Hero leaders are failing everywhere!

Leaders are facing huge pressure, which is taking toil on their mental health, says Stuart Rimmer, founder and head coach at Inner Mountain Coaching (www.innermountaincoaching.com )

A couple of years ago now, I was driving back from another late evening executive board meeting; it was the end of a 70-plus-hour working week and lists of unfinished jobs whirled around in my head.

The business was going through huge transformation. Revenue challenges, costs rising, banking and loan issues, regulators intervention, changes in the senior team; and disruption to staff through necessary, but rapid, change.

My headache was pumping and the fatigue was extreme: tiredness hung behind my eyes and thoughts began to quickly tumble out of control. My fingers started to tingle, my breathing got shorter and I was overwhelmed by a flood of emotions – of fear, sadness and helplessness.

I pulled over on a dark, deserted rural road, placed my head against the wheel and fought to get myself back in check. After 10 minutes of “box-breathing meditation”, it passed. It was the third time that month that this had happened.

Working in a senior role in any large organisation means that you are subjected to a false, ongoing narrative of heroic leadership that we as leaders keep clinging to, and some other staff do, too.

Some leaders often ignore the warning signs.  Even when not feeling psychologically at 100 per cent leaders are ‘meant to be strong’. I often speak to coaching clients for the first time when they are stood on this psychological edge.  

I have campaigned over many years now about the need for a clearer approach to mental health in the workplace.  I have coached many leaders in resilience, stress techniques, wellbeing strategies. I have a good understanding of positive psychology, cognitive behavioural therapy and its benefits.

Such knowledge and techniques can create a depth of understanding and approaches to care of self and others, and can provide some armour plating, but they are not superpowers. We all must admit we are vulnerable.

The definition of stress relates to an emotional strain resulting from adverse or demanding circumstances. Everyone has the capacity and capability to weather a single storm, but their ability to do so begins to look doubtful amid a relentless and sustained hurricane that is unpredictable and fierce.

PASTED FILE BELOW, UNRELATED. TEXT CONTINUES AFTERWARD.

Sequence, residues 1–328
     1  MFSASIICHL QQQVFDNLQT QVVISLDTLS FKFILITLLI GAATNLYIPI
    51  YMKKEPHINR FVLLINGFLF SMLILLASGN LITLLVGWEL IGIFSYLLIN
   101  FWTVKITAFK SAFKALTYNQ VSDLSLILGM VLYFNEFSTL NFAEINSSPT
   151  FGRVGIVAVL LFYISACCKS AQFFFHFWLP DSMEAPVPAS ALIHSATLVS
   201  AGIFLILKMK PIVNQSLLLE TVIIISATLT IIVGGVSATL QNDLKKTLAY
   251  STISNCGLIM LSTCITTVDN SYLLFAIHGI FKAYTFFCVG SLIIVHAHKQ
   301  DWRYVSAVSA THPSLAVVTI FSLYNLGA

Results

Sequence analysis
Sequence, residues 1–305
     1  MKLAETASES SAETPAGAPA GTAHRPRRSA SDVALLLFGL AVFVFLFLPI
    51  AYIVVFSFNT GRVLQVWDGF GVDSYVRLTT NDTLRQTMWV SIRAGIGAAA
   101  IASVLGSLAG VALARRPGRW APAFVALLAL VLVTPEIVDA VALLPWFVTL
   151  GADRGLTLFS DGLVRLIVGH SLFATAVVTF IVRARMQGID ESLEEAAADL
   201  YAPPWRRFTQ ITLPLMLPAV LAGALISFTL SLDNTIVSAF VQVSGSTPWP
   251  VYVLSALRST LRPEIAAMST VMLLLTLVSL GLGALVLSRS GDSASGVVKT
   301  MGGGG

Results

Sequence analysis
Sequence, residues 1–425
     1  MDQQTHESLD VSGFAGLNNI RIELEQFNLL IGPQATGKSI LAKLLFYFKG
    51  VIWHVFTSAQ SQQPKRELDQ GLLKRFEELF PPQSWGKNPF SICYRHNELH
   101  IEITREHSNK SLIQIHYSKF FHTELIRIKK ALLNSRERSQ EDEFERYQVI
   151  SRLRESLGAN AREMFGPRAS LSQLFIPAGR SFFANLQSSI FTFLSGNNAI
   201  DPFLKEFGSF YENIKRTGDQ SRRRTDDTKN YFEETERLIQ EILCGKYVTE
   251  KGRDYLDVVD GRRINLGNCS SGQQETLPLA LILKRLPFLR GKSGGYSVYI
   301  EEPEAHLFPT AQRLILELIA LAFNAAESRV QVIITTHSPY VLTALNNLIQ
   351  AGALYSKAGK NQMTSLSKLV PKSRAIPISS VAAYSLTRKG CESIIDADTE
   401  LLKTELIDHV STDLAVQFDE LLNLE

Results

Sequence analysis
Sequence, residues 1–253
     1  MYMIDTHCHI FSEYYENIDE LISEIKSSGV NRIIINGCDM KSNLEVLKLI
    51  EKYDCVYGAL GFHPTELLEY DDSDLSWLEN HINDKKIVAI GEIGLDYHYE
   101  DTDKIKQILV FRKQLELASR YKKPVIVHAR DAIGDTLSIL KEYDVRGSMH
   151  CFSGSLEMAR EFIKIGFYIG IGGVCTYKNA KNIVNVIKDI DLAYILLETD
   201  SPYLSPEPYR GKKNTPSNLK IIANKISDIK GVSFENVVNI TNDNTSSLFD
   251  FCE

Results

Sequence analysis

I have spoken one-to-one with many senior leaders who have all individually reported concerns about their own wellbeing and mental health. They report very high stress, bursts of fear and anxiety, and depressive episodes.

This is spoken about quietly; in hushed tones, they talk of the physical symptoms and early warning indicators of poor mental health and distress. Most sectors are also guilty of generating its own pressure: CEOs acting against other CEOs; the sector’s delight and schadenfreude in weekly “public press beheadings”; and fake scandal or rumours of another leader leaving the sector because “they can’t take the pace”.

Poor mental health now seems to be the acceptable hidden cost of leadership. It is present among all, or at least most, job roles, but is especially acute among leaders given their isolation.

Serving as a leader in any complex organisation is an absolute privilege. I have found colleagues who are driven, focused on delivering the best, have a role of community or eco system influence.  But would I now recommend the job to a friend? Probably not.

The analogy of a ship’s captain is well rehearsed, as we weather the perfect storm. But right now, most captains are not in a ship, but are either set adrift in a leaky lifeboat or, worse still, are in the cold, choppy water.  In these positions, the tactics must change and become about urgent survival. Business losses always feel very personal to leaders and the emotional effect is clear. There will always be pressure at work – it’s an issue of quantum and sustainment.

What happens when your best efforts simply aren’t good enough to keep pace with a sector that’s rocking on its heels, like a boxer punched cleanly on the jaw and who is knocked out, but too stupid or stubborn to lay on the canvas? When is it time to fight versus get up and walk away?

It’s time to seek help, get your tactics and to open up a conversation in your sector of work.

Define your self-care package: when things get tough, have a set, planned routine to look after you across the physical, emotional and spiritual zones. Seek sanctuary in this routine.

Celebrate the small victories: keep moving forward and keep a weekly achievement log. Remember the zen kōan:“Step by step in the dark, if my foot is not wet, then it’s found the stone.”

Be present: work on being focused on what’s in front of you. Meditation and deeper breathing can help hugely.

Pay attention to the physical: even small amounts of exercise, remembering to eat, sleep, and cutting out caffeine and alcohol can help.

Find balance: rather than the working day being the be-all and end-all, ensure you do one thing outside of that – it instantly helps to  get out of “work mode”.

And if you struggle to do any of the above on your own…then get a coach! www.innermountaincoach.com